Transport - getting around
Also see Beginning a Life in Australia (Chapter 8 – Transport)
Australia is a vast nation with many of its cities and towns separated by large distances. You will need transport to get around whether you are travelling across the country or across town.
There are a number of forms of public transport to use in Australia including buses, trains, trams and ferries. Public transport runs on a set schedule which requires passengers to be on time and have appropriate change or a pre-paid ticket. Most services have encouraged behaviour standards including minimal noise, making space for the elderly, disabled or pregnant travellers, and not eating or drinking.
Each state and territory operates their own systems of public transport with different ticketing systems. Many operators offer electronic cards or weekly, monthly or annual tickets for discounted fares. Operators are encouraging the use of these forms of ticketing as they cut down on time spent purchasing fares at the start of your trip.
The below links provide information on public transport for the state and territory capitals of Australia.
- Australian Capital Territory (ACT) - Action buses
- New South Wales (NSW) – Transport Info
- Northern Territory (NT) - Northern Territory Public Transport
- Queensland (QLD) - Translink
- South Australia (SA) - Transport, travel and motoring
- Tasmania (TAS) - Metro Tasmania
- Victoria (VIC) - Public Transport Victoria
- Western Australia (WA) - Public Transport Authority
Taxis are privately owned vehicles that will pick you up and take you directly to your destination for a fee. Taxis are much more expensive than regular public transport. Most cities in Australia have several taxi companies and you can make a taxi booking by calling, emailing or messaging them. Alternatively, taxis can be hailed on the side of the road if the light on the top of the car is on.
The private transport system relies on an extensive road system and the motor car. We pay for this with taxes that go towards construction and maintenance. The road system is provided for private users as well as many organisations that conduct their business upon the roads. For example, trucks are used widely throughout Australia to transport goods rather than trains or ships in many other countries.
Most Australians own a car for everyday travel, for work and social events. To drive a car, you must hold a valid driver licence and obey all road rules. State and territory police patrol the roads to enforce these rules and ensure safe conduct on Australian roads.
You may wish to buy a motor vehicle soon after you come to Australia. Traders of new and used motor vehicles advertise them for sale in papers, on the internet and in retail outlets (car yards). The cost of operating a vehicle is high with petrol, registration, servicing and repairs all being necessary for safe road use. State motoring organisations can assist you by providing advice and information for the purchasing of a vehicle.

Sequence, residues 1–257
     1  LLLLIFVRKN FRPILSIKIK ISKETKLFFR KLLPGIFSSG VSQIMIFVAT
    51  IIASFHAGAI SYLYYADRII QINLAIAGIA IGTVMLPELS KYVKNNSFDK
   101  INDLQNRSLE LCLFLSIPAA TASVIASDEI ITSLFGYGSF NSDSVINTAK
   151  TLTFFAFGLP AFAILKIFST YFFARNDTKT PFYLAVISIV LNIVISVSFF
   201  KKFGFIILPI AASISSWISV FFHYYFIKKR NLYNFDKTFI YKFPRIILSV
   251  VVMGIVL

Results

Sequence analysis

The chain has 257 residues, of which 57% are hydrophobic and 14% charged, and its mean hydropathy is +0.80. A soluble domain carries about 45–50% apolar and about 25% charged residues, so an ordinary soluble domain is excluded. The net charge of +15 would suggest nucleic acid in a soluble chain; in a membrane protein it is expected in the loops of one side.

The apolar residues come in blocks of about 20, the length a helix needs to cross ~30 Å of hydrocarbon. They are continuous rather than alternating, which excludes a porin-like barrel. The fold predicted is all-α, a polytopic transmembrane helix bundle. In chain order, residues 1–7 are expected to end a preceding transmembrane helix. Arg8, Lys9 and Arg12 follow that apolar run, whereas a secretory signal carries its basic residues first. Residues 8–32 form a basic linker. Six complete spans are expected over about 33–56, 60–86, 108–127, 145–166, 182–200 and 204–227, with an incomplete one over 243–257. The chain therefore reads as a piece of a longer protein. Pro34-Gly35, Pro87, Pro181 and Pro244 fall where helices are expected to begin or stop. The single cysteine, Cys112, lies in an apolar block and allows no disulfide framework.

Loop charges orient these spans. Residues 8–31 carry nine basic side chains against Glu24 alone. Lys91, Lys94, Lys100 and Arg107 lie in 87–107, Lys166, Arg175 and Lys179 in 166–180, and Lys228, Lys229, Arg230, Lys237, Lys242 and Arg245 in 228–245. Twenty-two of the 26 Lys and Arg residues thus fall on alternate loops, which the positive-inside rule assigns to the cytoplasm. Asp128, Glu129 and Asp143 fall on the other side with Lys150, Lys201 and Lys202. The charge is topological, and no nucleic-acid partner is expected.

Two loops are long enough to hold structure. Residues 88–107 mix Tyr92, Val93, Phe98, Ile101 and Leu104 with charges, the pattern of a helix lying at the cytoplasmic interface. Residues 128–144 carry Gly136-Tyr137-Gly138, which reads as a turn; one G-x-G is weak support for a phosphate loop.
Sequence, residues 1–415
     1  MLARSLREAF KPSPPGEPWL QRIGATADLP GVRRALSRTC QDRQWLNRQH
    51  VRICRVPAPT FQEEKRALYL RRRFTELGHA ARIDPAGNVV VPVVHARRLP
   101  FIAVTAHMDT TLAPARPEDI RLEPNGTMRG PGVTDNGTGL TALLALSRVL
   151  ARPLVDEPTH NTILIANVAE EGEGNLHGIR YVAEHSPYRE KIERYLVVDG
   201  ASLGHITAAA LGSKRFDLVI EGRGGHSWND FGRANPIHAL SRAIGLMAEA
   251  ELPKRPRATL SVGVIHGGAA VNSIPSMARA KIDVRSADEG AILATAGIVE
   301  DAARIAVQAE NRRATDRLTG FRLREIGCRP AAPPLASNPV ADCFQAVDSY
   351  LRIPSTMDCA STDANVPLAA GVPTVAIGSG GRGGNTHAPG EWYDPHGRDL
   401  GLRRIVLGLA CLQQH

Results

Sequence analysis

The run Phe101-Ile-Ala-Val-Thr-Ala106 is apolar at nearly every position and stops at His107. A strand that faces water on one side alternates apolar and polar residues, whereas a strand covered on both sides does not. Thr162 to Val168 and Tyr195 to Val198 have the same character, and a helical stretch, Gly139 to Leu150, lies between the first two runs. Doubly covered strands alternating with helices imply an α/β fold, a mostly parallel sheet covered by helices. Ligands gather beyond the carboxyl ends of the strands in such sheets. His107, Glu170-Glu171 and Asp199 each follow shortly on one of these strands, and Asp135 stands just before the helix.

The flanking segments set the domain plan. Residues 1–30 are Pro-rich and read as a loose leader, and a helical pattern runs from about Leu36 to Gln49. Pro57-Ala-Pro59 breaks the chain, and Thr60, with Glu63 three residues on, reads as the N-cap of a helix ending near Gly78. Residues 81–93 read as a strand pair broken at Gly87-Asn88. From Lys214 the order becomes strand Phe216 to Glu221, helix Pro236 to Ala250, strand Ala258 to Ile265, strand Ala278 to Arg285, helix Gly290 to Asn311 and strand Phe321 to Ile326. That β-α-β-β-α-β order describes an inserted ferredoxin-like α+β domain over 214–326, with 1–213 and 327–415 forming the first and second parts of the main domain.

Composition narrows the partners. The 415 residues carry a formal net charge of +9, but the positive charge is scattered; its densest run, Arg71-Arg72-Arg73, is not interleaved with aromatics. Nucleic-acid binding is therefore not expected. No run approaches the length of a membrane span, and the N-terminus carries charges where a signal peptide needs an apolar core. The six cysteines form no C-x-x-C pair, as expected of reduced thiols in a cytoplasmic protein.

Licensing, car registration, insurance and other requirements are handled by the separate state governments around Australia. Having a state licence allows you to drive in any other state across Australia though you will need to change your licence and registration if you plan to live permanently in a different state.
Cycling and walking are cheaper and more environmentally friendly options for getting around. Buying a bicycle is a simple way to save money from running a car while also providing exercise and recreational activities. Like cars, bicycles can be bought new from a retailer or second hand from sellers in the community. Check websites, local newspapers and shopping centres for more information. Many cities and towns provide bike lanes adjacent to the road but all road users must obey the road rules. Wearing a bicycle helmet is mandatory in all Australian states and territories and will protect you from head injuries.
Below are links to the relevant state and territory departments for more information on private vehicle use in your state. Many of the sites also contain useful information on cycling.
- ACT Territory and Municipal Services
- NSW Roads and Maritime Services
- NT Department of Transport
- Queensland Department of Transport and Main Roads
- SA Department of Planning, Transport and Infrastructure
- Tasmania Department of State Growth - Transport
- Victoria VicRoads
- WA Department of Transport
If you are travelling longer distances, you may want to consider airline travel. There are several carriers that operate nationally within Australia and most capital cities have an international airport for travel outside of Australia.